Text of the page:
Police department receies grant

Money used to fund additional school resource officer

Parents worried about their children's safety in Moffat County schools have one less reason to be concerned.

The Craig Police Department was awarded a $125,000 grant to put an extra officer in Craig schools.

The Craig Police Department is one of only six departments in Colorado to receive funding in this grant cycle.

The grants are part of the Department of Justice Office of Community Oriented Policing Services (COPS), which has funded more than 100,000 officers around the country, including 1,100 officers in Colorado. The COPS has several granting programs. The local grant was given under the COPS in Schools program, which funds the hiring of community policing officers to work in primary and secondary schools.

A similar grant was used in 1996 to hire the first school resource officer in Moffat County, but school officials and Craig Police Department Chief Walt Vanatta saw a need for another.

"Since the inception of the program, it has expanded on its own," Vanatta said.

The original school resource officer was hired to work at the high school, but is providing services to students in all schools.

"That's diluting the program where (Anthony) couldn't keep up with the demand," Vanatta said.

In preparing for this grant, School Resource Officer Michael Anthony compiled a list of his duties and the time spent on each. Attending club meetings, making class presentations, investigating juvenile crime reports, participating in youth programs are just part a school resource officer's job, according to Anthony.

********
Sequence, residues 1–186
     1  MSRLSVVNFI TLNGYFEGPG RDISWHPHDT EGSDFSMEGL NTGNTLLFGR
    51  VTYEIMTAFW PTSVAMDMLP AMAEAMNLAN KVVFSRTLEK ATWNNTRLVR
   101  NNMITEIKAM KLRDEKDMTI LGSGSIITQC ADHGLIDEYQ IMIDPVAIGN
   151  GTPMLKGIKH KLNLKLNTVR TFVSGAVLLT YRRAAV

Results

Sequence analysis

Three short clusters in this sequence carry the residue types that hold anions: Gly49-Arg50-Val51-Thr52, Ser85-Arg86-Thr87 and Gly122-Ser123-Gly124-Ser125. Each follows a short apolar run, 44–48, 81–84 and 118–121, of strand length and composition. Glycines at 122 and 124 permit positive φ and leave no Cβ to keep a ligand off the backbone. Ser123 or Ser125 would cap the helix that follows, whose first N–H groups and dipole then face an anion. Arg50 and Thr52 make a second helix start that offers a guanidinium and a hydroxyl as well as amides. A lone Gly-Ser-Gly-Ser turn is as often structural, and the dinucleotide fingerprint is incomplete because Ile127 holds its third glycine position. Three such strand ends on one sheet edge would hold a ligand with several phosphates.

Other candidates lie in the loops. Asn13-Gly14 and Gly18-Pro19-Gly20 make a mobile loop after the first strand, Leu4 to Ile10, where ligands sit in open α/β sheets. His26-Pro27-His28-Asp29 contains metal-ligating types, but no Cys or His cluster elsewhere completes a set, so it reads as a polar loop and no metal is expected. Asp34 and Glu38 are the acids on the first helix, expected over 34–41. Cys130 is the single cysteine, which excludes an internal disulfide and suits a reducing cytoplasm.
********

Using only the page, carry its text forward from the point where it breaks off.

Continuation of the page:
"The school resource officer is a community role model and is present to provide a positive image of the police department. Their presence also allows contact between the students and a police officer in a non-controversial setting," Anthony said.

The grant will allow the school and police department to expand the school resource officer position to include more functions, Vanatta said. He and school district Superintendent Duane Wrightson had worked up some general job guidelines, but did not plan to finish until notified they had received the grant.

The $125,000 grant will fully pay for the officer for two years. The third year, the police department will provide a $5,000 match. After three years, the school district and the police department will co-fund the position at a 75 percent to 25 percent ratio, respectively.

Even with the funds, Vanatta doesn't believe another officer will be in the schools until the 2001-2002 school year. He plans to use an existing officer as the school resource officer, but will not make the transfer until another officer is hired and trained to take over patrol duties. That in itself could be a long-term process because the department is experiencing problems finding qualified people.

"It might take us two months just to hire someone, assuming we get good candidates," Vanatta said.

The patrol officer would then have to participate in a three-month field training program.

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